Objective: We tested the hypothesis that the development of abnormal glucose metabolism after gestational diabetes can be predicted readily by means of available clinical variables.
Study design: Three hundred fifty nonpregnant former gestational diabetic women delivered during the previous 10 years underwent glucose tolerance tests. Variables including body mass index before the index pregnancy, pregnancy glucose tolerance test values, gestational diabetes treatment, complications, gestational age at diagnosis of gestational diabetes, and time elapsed since pregnancy were analyzed with logistic regression.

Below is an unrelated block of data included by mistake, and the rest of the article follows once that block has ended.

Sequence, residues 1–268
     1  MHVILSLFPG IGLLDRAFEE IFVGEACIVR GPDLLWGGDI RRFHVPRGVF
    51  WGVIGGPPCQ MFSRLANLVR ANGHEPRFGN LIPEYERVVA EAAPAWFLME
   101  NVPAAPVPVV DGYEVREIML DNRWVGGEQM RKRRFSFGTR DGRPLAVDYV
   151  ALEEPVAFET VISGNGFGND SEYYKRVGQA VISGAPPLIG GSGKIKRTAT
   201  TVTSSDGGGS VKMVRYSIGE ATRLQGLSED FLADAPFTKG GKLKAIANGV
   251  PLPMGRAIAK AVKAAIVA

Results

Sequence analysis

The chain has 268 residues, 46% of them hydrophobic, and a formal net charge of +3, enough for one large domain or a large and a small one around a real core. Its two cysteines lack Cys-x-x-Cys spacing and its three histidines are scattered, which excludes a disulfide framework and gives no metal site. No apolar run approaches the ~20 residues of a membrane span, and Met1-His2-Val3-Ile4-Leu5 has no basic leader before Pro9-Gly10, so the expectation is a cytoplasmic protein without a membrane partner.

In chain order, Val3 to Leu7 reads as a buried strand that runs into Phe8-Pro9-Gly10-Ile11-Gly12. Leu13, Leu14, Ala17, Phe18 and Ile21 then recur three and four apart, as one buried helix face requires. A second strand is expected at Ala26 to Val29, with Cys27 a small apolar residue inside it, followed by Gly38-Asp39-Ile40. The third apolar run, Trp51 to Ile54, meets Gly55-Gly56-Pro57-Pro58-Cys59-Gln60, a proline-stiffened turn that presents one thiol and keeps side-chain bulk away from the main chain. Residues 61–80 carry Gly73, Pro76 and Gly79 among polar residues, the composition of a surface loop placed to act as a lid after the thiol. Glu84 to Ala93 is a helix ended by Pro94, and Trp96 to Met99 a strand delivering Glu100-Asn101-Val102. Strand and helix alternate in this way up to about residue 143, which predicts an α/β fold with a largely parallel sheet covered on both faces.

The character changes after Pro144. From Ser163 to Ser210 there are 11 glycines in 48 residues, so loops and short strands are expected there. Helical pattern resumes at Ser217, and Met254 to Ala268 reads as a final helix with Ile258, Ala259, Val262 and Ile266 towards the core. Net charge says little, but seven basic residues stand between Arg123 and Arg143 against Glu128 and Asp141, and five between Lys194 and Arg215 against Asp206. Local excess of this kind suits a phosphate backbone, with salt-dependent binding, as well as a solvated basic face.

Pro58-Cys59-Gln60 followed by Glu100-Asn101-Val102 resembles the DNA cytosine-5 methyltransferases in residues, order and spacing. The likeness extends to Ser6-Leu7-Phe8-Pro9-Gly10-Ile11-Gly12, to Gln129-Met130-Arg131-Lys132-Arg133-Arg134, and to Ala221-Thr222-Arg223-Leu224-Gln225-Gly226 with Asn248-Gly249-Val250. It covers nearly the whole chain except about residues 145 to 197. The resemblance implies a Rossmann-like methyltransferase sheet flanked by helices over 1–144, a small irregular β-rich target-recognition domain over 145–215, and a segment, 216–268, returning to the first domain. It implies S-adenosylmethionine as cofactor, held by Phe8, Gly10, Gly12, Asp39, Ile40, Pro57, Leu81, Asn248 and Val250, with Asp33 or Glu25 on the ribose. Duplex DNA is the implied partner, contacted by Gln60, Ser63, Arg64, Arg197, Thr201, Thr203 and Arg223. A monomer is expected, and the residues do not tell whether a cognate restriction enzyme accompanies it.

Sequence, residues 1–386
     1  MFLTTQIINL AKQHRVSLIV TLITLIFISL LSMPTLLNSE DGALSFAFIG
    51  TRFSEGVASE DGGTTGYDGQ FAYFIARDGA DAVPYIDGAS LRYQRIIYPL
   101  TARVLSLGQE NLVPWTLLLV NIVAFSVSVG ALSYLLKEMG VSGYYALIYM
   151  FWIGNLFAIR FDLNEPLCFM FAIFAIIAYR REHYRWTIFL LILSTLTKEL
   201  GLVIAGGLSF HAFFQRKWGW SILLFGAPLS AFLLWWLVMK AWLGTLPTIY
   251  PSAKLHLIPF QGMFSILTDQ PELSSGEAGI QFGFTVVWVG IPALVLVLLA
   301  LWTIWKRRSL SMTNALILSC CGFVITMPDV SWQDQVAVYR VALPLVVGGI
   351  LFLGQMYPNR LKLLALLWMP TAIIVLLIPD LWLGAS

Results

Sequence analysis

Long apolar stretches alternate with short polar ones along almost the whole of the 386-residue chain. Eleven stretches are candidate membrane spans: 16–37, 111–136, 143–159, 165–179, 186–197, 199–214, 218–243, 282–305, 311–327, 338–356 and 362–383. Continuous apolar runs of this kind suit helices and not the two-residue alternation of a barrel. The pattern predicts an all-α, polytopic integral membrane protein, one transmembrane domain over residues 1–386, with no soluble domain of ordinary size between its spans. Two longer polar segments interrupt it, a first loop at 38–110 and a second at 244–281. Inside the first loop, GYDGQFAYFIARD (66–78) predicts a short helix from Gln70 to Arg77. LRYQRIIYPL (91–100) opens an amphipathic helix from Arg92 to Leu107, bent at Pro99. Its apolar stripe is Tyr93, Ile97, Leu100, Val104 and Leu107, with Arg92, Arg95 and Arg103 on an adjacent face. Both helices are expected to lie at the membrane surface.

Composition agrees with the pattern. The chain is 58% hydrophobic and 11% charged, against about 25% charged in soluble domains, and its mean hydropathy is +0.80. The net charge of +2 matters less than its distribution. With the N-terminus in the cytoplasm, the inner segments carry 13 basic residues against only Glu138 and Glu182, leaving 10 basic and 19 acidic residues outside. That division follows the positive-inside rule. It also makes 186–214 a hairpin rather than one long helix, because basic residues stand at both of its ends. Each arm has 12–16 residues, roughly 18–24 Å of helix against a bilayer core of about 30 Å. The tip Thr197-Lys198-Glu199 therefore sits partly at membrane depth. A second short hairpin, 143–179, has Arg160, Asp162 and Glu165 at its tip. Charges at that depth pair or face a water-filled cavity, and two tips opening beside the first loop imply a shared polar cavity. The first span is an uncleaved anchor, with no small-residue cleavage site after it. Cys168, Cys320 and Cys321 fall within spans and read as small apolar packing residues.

Results: Variables that distinguished subjects who later developed diabetes or impaired glucose tolerance included prepregnancy body mass index (28.5 +/- 7 versus 25 +/- 5 kg/m2, p < 0.001) and fasting glucose on the pregnant oral glucose tolerance test (109 +/- 20 vs 92 +/- 15 mg/dl, p < 0.001). Logistic results with these two variables plus time since the index pregnancy predict subsequent glucose tolerance test abnormality by the following equation: estimated risk = 1/[1 + e-(-10.37 + 0.04 (fasting plasma glucose) + 0.08 (body mass index) + 0.03 (months since delivery))].
Conclusion: The risk for subsequent glucose abnormality among individuals with previous gestational diabetes is quantifiable based on prepregnant body mass index and fasting plasma glucose during pregnancy.